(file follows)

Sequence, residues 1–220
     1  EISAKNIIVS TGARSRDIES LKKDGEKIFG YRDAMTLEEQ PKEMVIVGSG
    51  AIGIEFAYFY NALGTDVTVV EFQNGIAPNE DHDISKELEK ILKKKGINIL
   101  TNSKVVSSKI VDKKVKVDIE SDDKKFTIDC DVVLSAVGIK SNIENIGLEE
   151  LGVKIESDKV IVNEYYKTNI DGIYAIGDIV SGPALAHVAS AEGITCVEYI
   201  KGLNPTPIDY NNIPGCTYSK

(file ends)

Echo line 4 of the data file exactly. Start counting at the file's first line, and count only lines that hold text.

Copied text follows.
   101  TNSKVVSSKI VDKKVKVDIE SDDKKFTIDC DVVLSAVGIK SNIENIGLEE